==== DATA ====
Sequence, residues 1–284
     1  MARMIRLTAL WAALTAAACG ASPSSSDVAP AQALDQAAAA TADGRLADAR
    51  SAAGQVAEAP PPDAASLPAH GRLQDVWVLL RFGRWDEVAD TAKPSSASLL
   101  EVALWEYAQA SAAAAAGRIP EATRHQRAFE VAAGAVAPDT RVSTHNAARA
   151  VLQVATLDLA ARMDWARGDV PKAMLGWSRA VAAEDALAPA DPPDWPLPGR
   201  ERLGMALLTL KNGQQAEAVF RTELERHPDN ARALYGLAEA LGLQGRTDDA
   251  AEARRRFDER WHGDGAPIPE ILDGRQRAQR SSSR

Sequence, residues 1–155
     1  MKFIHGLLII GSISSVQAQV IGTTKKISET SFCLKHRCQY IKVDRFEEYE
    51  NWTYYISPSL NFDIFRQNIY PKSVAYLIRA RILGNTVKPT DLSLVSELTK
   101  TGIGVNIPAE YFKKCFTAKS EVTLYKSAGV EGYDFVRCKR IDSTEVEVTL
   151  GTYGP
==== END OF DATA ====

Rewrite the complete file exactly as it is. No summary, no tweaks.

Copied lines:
Sequence, residues 1–284
     1  MARMIRLTAL WAALTAAACG ASPSSSDVAP AQALDQAAAA TADGRLADAR
    51  SAAGQVAEAP PPDAASLPAH GRLQDVWVLL RFGRWDEVAD TAKPSSASLL
   101  EVALWEYAQA SAAAAAGRIP EATRHQRAFE VAAGAVAPDT RVSTHNAARA
   151  VLQVATLDLA ARMDWARGDV PKAMLGWSRA VAAEDALAPA DPPDWPLPGR
   201  ERLGMALLTL KNGQQAEAVF RTELERHPDN ARALYGLAEA LGLQGRTDDA
   251  AEARRRFDER WHGDGAPIPE ILDGRQRAQR SSSR

Sequence, residues 1–155
     1  MKFIHGLLII GSISSVQAQV IGTTKKISET SFCLKHRCQY IKVDRFEEYE
    51  NWTYYISPSL NFDIFRQNIY PKSVAYLIRA RILGNTVKPT DLSLVSELTK
   101  TGIGVNIPAE YFKKCFTAKS EVTLYKSAGV EGYDFVRCKR IDSTEVEVTL
   151  GTYGP